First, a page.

Thought for the Day…
“It’s easy to lead a group of Scouts who want to go where you’re leading them. The challenge is when they don’t want to head in that direction!” (Tim Donohue, Eagle Scout-April 12, 2017)
We have a Scout in our troop who we’ve been working with for years to help him participate in troop activities and advance through the ranks. He has a tough home-life, so we’ll even go so far as to arrange transportation for him, for troop hikes and campouts, and sometimes even to get to troop meetings. Once he reached Star rank, we assigned a special “coach” for him to help him continue to move forward. As he approached, and then passed, his 17th birthday, we redoubled our efforts to keep him on-track, but, despite this, his own commitment to getting to Life rank as quickly as possible began to waver. As he crept up on his 17-and-a-half milepost, our advancement coordinator both called and texted him, to encourage him to finish his last Life requirements. Well sure enough, this Scout did finish his Life requirements, and this was still before he was 17-1/2, so our AC scheduled a board of review for him the day before the drop-dead date, and let him know that we’re ready for him to be successful and have enough time to reach Eagle rank in six months’ time…but only if this review was held on the date scheduled.
We were all there: our advancement coordinator and three more committee members. But…where was our Scout? Turns out, he was a “no-show.” Yup…we received a text from him later that same evening, after we all waited for more than an hour and finally left and went home, that said he’d “forgotten” what time the review was scheduled for (even though this had been succinctly communicated to him just the day before) and by then it was too late for him to get to where we’d gathered (it was the normal troop meeting room, by the way—not exactly some unknown location!).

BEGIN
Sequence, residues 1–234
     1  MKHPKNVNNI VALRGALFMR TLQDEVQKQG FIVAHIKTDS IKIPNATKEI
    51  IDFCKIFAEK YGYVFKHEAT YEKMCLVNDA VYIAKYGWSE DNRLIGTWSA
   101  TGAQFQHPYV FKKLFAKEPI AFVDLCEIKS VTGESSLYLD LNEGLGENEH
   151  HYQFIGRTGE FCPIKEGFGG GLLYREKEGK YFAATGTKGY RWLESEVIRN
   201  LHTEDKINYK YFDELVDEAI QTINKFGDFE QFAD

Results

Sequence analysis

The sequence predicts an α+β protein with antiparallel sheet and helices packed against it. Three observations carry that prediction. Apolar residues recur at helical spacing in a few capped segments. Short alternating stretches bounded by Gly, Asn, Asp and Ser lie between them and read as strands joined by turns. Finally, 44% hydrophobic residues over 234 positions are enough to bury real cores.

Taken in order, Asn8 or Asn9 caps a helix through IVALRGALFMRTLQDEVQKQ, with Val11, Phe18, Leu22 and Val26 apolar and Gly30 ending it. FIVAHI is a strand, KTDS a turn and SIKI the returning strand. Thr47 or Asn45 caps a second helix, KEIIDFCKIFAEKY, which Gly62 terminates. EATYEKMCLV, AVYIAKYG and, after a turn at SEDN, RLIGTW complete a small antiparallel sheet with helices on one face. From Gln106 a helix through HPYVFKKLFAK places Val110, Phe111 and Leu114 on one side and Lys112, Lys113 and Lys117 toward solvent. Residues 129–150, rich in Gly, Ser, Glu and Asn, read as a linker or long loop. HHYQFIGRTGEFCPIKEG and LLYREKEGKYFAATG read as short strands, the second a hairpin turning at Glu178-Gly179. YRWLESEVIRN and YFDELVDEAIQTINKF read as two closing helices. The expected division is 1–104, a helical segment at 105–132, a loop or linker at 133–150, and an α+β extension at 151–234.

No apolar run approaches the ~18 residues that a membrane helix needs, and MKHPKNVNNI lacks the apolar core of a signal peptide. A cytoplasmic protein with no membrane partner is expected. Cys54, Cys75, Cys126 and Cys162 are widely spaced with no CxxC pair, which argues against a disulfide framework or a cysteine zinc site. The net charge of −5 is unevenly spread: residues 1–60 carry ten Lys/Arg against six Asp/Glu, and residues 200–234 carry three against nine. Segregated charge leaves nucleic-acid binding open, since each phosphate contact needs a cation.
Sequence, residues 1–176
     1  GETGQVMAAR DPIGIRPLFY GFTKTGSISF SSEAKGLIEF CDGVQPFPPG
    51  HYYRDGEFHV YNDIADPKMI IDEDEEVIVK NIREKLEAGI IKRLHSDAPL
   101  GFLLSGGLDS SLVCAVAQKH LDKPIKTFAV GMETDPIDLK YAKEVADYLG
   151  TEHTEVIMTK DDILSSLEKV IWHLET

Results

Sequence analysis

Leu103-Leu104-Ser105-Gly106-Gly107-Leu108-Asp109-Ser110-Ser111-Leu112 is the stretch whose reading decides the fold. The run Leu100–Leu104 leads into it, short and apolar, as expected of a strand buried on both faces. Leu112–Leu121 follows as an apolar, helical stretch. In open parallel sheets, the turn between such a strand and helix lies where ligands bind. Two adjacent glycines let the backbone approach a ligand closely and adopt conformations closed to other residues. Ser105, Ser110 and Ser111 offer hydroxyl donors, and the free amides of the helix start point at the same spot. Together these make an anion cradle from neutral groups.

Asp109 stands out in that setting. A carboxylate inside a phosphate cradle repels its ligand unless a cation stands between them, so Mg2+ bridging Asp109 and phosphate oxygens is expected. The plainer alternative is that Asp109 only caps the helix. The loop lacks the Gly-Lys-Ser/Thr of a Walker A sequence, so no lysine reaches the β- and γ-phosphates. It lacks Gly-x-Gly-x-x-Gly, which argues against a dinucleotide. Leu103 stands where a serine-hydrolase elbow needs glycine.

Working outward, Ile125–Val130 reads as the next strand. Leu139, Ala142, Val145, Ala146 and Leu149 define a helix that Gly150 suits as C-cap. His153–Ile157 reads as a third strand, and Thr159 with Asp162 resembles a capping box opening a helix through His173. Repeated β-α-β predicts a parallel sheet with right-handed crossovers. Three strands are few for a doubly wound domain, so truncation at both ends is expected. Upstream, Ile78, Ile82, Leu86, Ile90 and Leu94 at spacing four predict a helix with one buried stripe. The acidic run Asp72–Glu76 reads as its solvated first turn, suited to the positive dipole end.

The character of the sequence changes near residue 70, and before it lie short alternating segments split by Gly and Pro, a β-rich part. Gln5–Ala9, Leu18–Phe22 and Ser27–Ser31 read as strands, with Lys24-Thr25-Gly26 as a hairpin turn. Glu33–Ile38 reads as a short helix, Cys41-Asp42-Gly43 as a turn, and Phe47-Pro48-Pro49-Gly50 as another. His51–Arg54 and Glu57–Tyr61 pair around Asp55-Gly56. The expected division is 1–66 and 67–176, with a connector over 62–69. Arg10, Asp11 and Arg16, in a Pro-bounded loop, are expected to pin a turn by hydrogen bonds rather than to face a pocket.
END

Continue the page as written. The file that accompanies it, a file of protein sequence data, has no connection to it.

The very next evening, we re-gathered and this time our Scout was there; the review was successful and he became a Life Scout…one day short of six months before his 18th birthday: His 18th birthday is the same date—six months later—as his Life board of review date.
It looks like we’re stuck at this point, because this Scout is now at least a solid day short of the six months he needs for tenure and leadership. We’re all pretty distraught about this, particularly since he’d worked pretty hard to complete everything in time to have a full six months’ tenure. But we’ve come to realize that, despite our own valiant efforts on his behalf, responsibility for not hitting the necessary review date ultimately falls to this Scout, himself, and no one else.
Or is there something we’re missing here that might still help this Scout still cross the finish-line? If you have any ideas, we’d appreciate hearing from you. Thanks! (Name & Council Withheld)